2. Little Monk says:

    I really enjoy seeing the way you deal with these texts! Well done, Don.

    I recently learned a “new idea” about Jesus’ reference to eunuchs, and thought I’d share it. Not saying this is any “special take” on the situation… just saying these thoughts came to me, and they may fit.

    I was watching a documentary on the Forbidden City, the Imperial stronghold in China.

    There was a good deal of discussion around the role of eunuchs there. They were the only males, besides the Emperor, permitted in the Palace itself. ALL the servants… hundreds of them… were eunuchs, usually voluntary, recruited from all across the Empire. It was a huge honor to be selected for such service, and ONLY eunuchs were trusted in close quarters with the Emperor.

    Why? Because in their culture, “family”… “dynasty”… and “family honor” was EVERYTHING to the social climber. Any other man, married and with or capable of having children, was a potential assassin or political plotter. Such men were valuable to the Kingdom, but kept at a distance from the Emperor Himself.

    The eunuch not only gave up their “manhood”… but gave up their “legacy”… instead, vesting ALL their ambition, hopes, esteem… into the Emperor and the Imperial house.

    I remember thinking what an interesting parallel Jesus drew to select this illustration. To be a “eunuch for God”, is to vest EVERYTHING of worth to the self… honor, potency, praxis, joy, significance, legacy… into the person of God Himself. “I have no dynasty, no legacy, no meaning… beyond God, and Him Alone.”

    Interesting, eh?

    Joy and grace to you! — LM

    • Don Merritt says:

      Yes it is, and that is exactly the point, as long as we remember your word “voluntary”.

      I’m reminded of a certain parallel on this theme from a completely different, and completely evil man: Adof Hitler. His relationship with Eva Braun was “Top Secret” in the Reich because he wanted to be seen as “married to Germany” and actually cited some of the same reasons you mentioned for those eunuchs in days of old. Interesting propaganda for a fraud; amazing reality for the “real deal”.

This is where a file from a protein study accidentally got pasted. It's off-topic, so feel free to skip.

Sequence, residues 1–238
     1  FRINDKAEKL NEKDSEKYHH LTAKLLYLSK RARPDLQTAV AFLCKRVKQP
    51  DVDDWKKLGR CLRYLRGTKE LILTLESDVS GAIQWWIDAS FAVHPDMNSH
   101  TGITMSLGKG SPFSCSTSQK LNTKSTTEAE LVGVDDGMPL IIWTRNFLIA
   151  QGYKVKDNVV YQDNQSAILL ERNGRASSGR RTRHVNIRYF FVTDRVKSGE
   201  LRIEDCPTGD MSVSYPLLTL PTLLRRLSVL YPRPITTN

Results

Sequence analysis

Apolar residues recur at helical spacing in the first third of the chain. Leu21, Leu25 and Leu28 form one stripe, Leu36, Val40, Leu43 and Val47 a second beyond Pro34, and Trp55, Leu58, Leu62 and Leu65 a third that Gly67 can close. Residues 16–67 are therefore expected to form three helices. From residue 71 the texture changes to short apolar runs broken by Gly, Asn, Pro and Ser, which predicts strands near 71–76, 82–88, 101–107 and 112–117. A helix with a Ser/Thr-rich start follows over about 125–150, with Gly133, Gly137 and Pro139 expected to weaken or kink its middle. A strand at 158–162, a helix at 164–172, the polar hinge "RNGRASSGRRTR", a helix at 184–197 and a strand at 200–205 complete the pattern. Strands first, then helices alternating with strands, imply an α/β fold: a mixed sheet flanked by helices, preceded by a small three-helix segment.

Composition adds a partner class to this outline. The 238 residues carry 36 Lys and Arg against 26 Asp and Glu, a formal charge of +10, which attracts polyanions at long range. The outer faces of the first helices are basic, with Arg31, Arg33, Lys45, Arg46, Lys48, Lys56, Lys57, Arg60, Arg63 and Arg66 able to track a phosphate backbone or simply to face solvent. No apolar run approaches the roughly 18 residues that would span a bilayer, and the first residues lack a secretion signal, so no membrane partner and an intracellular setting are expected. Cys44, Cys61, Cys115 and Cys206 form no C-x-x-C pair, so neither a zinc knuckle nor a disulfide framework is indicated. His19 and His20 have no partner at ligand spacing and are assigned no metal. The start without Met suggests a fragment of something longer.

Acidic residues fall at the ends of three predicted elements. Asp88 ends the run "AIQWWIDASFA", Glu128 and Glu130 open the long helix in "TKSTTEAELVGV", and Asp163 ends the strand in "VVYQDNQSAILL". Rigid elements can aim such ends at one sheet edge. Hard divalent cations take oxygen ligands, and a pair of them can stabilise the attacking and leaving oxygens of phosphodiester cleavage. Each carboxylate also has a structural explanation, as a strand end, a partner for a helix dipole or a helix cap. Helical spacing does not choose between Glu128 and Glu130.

3. paulfg says:

    You prompted to me to go “Mounce’ing” – and what a gentle take on a seemingly “take it or leave it” statement:

    “The one who can accept this should accept it.” = The one who is able to regard this cordially should regard this cordially.

    I like that.

  4. pipermac5 says:

    If we compare and contrast this with the Apostle Paul’s clear teachings on the qualifications of church leaders in 1 Timothy 3:1-13, it would appear that being single and a minister of the Gospel was still to be the exception rather than the norm. Jesus never implied that ministers of the Gospel “should” be single.

    I know, from my own experience, that there are some “benefits” to being single, such as not having to take another person’s desires and feelings in consideration when I make decision concerning how or where I live or the ministry, but I can also see great benefit in having a Godly wife as a ministry-partner. I would be far more “relatable” to those I minister to if I did have a wife. That is all in God’s hands.



    • Don Merritt says:

      Quite right Steve, neither Jesus nor Paul tell us that leaders should be one way or the other, instead each implies that we follow His lead in this, as in all things. Excellent observation!

  5. Wally Fry says:

    Your comment about the disciples talking later kind of made me think, especially Peter since he apparently had a wife of his own as I recall. Still liking this trip, Don

  6. Pingback: Jesus, Marriage, and the Disciples’ Reaction « Welcome To Defavouredkings Blog